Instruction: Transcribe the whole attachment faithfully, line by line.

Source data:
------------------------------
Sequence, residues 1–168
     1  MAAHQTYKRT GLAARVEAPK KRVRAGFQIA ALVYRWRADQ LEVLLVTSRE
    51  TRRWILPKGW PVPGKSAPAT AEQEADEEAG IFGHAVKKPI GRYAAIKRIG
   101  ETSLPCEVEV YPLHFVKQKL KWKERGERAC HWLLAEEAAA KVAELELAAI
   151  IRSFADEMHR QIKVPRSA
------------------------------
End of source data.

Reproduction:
Sequence, residues 1–168
     1  MAAHQTYKRT GLAARVEAPK KRVRAGFQIA ALVYRWRADQ LEVLLVTSRE
    51  TRRWILPKGW PVPGKSAPAT AEQEADEEAG IFGHAVKKPI GRYAAIKRIG
   101  ETSLPCEVEV YPLHFVKQKL KWKERGERAC HWLLAEEAAA KVAELELAAI
   151  IRSFADEMHR QIKVPRSA